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An immediate problem I see is that you are using v to refer to the relative speed of the detector with respect to the emitter, and also the speed of the rocket ship. Since these are different things, you should use different variables, so you don’t use the wrong one.

For instance, in 2D/ ( c - v ) used in your clock synchronization, v=0 because the emitter and detector are at rest with respect to each other. The rocket speed doesn’t show up in the equation.

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4 hours ago, lidal said:

At the instant of light emission, an observer/detector is at distance D from the source and is moving away from the source with velocity v, in the Earth's frame. 

A a distance D in which frame ?

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Just now, swansont said:

An immediate problem I see is that you are using v to refer to the relative speed of the detector with respect to the emitter, and also the speed of the rocket ship. Since these are different things, you should use different variables, so you don’t use the wrong one.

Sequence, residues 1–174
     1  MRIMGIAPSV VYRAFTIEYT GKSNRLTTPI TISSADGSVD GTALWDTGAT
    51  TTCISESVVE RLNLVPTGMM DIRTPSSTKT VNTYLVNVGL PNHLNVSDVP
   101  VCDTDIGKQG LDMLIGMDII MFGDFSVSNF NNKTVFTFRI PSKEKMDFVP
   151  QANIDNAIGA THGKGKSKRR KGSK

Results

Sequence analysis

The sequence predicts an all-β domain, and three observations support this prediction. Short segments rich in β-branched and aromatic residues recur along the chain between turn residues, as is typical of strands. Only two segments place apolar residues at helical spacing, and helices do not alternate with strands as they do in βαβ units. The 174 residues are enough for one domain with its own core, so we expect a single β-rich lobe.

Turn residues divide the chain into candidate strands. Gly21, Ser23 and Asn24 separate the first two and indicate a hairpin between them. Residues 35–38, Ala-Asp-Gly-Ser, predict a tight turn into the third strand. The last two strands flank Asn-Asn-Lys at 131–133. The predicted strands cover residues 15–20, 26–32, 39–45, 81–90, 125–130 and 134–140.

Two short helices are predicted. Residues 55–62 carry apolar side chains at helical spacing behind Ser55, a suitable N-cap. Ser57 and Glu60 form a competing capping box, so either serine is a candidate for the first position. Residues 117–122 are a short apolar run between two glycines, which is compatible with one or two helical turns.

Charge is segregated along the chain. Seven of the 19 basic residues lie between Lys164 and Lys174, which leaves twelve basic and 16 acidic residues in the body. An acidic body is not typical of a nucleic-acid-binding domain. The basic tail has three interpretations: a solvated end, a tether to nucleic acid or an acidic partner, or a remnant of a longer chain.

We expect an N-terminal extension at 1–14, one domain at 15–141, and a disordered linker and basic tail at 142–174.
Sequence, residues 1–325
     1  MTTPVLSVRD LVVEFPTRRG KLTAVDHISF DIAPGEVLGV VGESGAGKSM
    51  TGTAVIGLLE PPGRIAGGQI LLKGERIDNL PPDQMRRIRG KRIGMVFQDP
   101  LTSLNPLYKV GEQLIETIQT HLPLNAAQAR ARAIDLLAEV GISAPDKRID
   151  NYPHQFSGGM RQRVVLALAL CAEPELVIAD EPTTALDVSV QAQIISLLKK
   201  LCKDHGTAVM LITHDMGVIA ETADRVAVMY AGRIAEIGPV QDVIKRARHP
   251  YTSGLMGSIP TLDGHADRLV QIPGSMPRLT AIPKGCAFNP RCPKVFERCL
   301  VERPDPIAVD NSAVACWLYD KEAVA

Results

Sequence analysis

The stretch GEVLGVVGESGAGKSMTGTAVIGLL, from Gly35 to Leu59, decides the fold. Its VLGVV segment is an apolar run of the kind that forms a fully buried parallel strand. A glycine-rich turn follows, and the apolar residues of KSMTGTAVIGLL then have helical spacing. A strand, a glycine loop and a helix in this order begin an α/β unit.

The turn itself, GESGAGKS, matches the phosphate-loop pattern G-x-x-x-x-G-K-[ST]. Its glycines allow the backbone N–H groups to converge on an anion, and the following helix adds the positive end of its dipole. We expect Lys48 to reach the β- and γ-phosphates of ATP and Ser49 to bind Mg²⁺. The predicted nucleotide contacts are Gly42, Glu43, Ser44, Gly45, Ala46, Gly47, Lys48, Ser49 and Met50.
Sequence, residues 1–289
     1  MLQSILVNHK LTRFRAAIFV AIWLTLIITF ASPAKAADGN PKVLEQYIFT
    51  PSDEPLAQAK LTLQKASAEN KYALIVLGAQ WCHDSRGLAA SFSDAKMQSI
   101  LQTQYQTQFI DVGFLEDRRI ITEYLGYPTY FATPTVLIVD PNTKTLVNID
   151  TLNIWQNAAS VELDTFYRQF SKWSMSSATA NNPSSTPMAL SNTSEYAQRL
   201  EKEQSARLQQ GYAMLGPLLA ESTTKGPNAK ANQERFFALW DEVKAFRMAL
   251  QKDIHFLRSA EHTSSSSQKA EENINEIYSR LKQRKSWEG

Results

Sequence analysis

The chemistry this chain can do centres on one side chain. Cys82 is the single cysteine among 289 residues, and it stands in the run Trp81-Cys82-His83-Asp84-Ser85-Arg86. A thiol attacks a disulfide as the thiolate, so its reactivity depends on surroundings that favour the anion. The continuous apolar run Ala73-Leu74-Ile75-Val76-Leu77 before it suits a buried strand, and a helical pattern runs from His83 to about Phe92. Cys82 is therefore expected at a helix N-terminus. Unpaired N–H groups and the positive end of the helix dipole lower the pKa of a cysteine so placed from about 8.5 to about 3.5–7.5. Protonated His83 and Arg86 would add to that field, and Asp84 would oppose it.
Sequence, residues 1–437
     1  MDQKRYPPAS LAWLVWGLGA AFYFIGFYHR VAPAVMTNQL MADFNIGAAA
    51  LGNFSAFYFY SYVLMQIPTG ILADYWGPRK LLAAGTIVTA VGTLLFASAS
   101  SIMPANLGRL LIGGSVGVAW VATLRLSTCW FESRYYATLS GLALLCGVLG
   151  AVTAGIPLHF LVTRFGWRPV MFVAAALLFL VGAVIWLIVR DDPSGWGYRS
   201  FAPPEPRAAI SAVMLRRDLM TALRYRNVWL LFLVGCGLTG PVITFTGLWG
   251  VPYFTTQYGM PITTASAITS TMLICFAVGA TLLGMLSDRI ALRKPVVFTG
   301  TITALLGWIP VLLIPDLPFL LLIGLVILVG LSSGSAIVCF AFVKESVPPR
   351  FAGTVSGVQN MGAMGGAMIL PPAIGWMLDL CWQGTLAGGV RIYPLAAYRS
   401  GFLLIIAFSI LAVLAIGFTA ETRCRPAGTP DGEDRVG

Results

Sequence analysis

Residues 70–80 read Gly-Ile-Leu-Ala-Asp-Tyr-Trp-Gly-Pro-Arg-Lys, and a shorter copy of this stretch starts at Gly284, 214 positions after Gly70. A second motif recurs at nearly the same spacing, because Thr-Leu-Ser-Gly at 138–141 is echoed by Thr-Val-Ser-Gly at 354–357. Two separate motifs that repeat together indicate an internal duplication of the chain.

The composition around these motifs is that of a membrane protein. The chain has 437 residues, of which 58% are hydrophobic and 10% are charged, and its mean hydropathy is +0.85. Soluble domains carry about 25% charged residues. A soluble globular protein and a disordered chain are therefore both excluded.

For instance, in 2D/ ( c - v ) used in your clock synchronization, v=0 because the emitter and detector are at rest with respect to each other. The rocket speed doesn’t show up in the equation.

1. The sources and the detector are fixed to the ship. V is the velocity of the ship.

2. It is not a space ship, it is Galileo's ship steadily sailing on the sea. So it is a terresterial experiment. 

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1 hour ago, lidal said:

1. The sources and the detector are fixed to the ship. V is the velocity of the ship.

But in your original equation. v is the relative velocity. That’s the problem. The source and detector are stationary with respect to each other, so there is no difference in the time.

1 hour ago, lidal said:

2. It is not a space ship, it is Galileo's ship steadily sailing on the sea. So it is a terresterial experiment.